We actually want to make all of our brands RED.
Those brands are incredibly well-known. Yum! Brands is the parent company to three of the world’s largest fast food chains - Pizza Hut, Taco Bell and KFC - and Creed wants to see all three become so-called RED brands. That’s Relevant, Easy, Distinctive. Creed explains:
RED brands have something that other brands don’t have. They have something really powerful…RED brands are magnets, non-RED brands are mirrors. What’s a mirror brand? A mirror brand is just a brand that reflects back whatever they hear from their customer, whatever they hear is happening in society. But you don’t actually have any soul as a mirror brand. You just wiff and waft wherever the consumer insights are telling you to go.
RED brands like magnets are incredibly powerful. Why? Because RED brands have a very clear understanding of who they are, they have a very clear understanding of the functional and the emotional benefits they’ve been to their customers and they have the very clear understanding of how they make their customers' lives better.
Red of course is also one of the primary colors in the corporate livery of KFC, which Creed sees as a good exemplar of how digital tech is going to help in achieving his brand ambitions, with initiatives such a click-and-collect, self-serve kiosks and app-enabled delivery services.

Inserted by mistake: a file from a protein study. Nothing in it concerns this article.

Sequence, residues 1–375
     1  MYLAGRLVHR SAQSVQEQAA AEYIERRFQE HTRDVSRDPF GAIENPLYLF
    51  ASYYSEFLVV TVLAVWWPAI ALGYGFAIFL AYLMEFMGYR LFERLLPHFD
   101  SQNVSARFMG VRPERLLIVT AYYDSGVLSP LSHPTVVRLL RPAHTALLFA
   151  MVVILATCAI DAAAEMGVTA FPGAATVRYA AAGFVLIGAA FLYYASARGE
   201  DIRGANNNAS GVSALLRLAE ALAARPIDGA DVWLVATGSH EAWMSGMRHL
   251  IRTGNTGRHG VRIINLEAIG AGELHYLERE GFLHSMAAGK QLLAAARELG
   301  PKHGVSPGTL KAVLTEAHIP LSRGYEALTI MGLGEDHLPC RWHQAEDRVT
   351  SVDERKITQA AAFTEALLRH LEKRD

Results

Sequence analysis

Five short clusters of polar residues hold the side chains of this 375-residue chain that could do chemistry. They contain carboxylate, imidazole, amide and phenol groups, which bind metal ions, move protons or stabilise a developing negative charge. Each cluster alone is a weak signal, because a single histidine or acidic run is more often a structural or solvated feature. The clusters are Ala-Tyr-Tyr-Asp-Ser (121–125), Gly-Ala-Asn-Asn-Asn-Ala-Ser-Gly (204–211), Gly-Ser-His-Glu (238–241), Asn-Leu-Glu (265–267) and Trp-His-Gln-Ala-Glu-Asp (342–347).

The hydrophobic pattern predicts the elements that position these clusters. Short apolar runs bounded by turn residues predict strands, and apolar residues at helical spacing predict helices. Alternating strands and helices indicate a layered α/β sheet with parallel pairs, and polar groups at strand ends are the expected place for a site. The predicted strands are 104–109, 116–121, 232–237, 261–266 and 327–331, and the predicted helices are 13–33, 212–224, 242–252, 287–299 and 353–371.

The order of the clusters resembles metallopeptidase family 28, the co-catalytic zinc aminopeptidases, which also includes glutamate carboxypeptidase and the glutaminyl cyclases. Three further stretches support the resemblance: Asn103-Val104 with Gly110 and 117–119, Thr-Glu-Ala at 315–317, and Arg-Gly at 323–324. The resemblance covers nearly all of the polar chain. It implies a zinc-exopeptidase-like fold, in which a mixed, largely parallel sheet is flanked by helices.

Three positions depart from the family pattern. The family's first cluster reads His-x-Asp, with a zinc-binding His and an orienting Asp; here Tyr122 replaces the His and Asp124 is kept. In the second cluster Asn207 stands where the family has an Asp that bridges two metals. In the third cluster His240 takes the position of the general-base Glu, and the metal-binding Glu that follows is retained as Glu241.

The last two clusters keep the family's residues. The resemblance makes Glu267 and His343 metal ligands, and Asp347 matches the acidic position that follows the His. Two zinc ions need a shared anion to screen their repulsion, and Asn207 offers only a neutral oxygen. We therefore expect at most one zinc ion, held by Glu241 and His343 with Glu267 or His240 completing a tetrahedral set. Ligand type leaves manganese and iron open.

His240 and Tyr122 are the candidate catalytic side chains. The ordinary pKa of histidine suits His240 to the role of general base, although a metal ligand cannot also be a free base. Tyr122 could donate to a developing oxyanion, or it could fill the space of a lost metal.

At the helm of this transformation is incoming KFC CEO Tony Lowings, who notes that the rumors of death around this particular sector of the fast food industry have been greatly exaggerated:
When I joined KFC in 1994, I had a bunch of people say to me, ‘Are we coming to that five to 10 years before fried chicken is going to be dead?’. How wrong could they be? Today, fried chicken is probably the fastest growing protein amongst all of our QSR [Quick Service Restaurant] competitors. It's incredibly popular in fine dining and is growing in restaurants everywhere around the world.
But change is needed to adapt to new market realities. Lowings defines his goal in simple omni-channel terms: allow customers to access KFC through whatever channel and whatever means that customers choose:
This largely started out with install through the old convenience way of drive thru, but today is much more through things like kiosks. But more and more it’s about…home delivery and click-and-collect. Given the scale that we have globally our ambition is to become an omni-channel global powerhouse.
Lowings argues that KFC has made “dramatic progress” from a standing start three years ago, citing click-and-collect as a case in point:
We have 10,000 restaurants that now offer this particular service. We’ve got places like Taiwan, where we have 14% of all of our transactions going through the click-and-collect platform. In Australia , 98% of all of our restaurants are on this particular service. We will get to at least 50% of our restaurants on this platform in the next 12 months and we can get to 18,000 quite soon…In terms of click-and-collect, we will have more outlets having click-and-collect than the entire portfolio of Walmart, Kroger, Costco and Target put together.
Self-service kiosks are also expanding their footprint, he adds: